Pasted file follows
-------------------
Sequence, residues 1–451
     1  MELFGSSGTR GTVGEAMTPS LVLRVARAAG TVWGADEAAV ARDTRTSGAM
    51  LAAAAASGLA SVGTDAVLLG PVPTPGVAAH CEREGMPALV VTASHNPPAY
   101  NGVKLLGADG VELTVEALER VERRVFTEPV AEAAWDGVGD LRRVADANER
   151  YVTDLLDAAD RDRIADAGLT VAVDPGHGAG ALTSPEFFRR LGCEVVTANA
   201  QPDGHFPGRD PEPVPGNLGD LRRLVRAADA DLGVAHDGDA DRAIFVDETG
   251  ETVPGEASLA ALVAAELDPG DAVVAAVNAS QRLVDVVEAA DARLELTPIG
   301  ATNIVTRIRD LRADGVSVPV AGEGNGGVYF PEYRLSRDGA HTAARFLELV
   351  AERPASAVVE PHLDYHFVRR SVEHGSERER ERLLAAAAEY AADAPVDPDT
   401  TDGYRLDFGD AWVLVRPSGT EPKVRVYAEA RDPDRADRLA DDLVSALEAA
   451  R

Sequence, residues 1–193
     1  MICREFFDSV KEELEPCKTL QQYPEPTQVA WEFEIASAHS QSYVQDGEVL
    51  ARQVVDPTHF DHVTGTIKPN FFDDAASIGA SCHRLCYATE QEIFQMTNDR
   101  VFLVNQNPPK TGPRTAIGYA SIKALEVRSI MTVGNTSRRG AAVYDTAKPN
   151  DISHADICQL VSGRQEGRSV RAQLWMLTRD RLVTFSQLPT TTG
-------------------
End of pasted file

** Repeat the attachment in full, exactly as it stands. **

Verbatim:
Sequence, residues 1–451
     1  MELFGSSGTR GTVGEAMTPS LVLRVARAAG TVWGADEAAV ARDTRTSGAM
    51  LAAAAASGLA SVGTDAVLLG PVPTPGVAAH CEREGMPALV VTASHNPPAY
   101  NGVKLLGADG VELTVEALER VERRVFTEPV AEAAWDGVGD LRRVADANER
   151  YVTDLLDAAD RDRIADAGLT VAVDPGHGAG ALTSPEFFRR LGCEVVTANA
   201  QPDGHFPGRD PEPVPGNLGD LRRLVRAADA DLGVAHDGDA DRAIFVDETG
   251  ETVPGEASLA ALVAAELDPG DAVVAAVNAS QRLVDVVEAA DARLELTPIG
   301  ATNIVTRIRD LRADGVSVPV AGEGNGGVYF PEYRLSRDGA HTAARFLELV
   351  AERPASAVVE PHLDYHFVRR SVEHGSERER ERLLAAAAEY AADAPVDPDT
   401  TDGYRLDFGD AWVLVRPSGT EPKVRVYAEA RDPDRADRLA DDLVSALEAA
   451  R

Sequence, residues 1–193
     1  MICREFFDSV KEELEPCKTL QQYPEPTQVA WEFEIASAHS QSYVQDGEVL
    51  ARQVVDPTHF DHVTGTIKPN FFDDAASIGA SCHRLCYATE QEIFQMTNDR
   101  VFLVNQNPPK TGPRTAIGYA SIKALEVRSI MTVGNTSRRG AAVYDTAKPN
   151  DISHADICQL VSGRQEGRSV RAQLWMLTRD RLVTFSQLPT TTG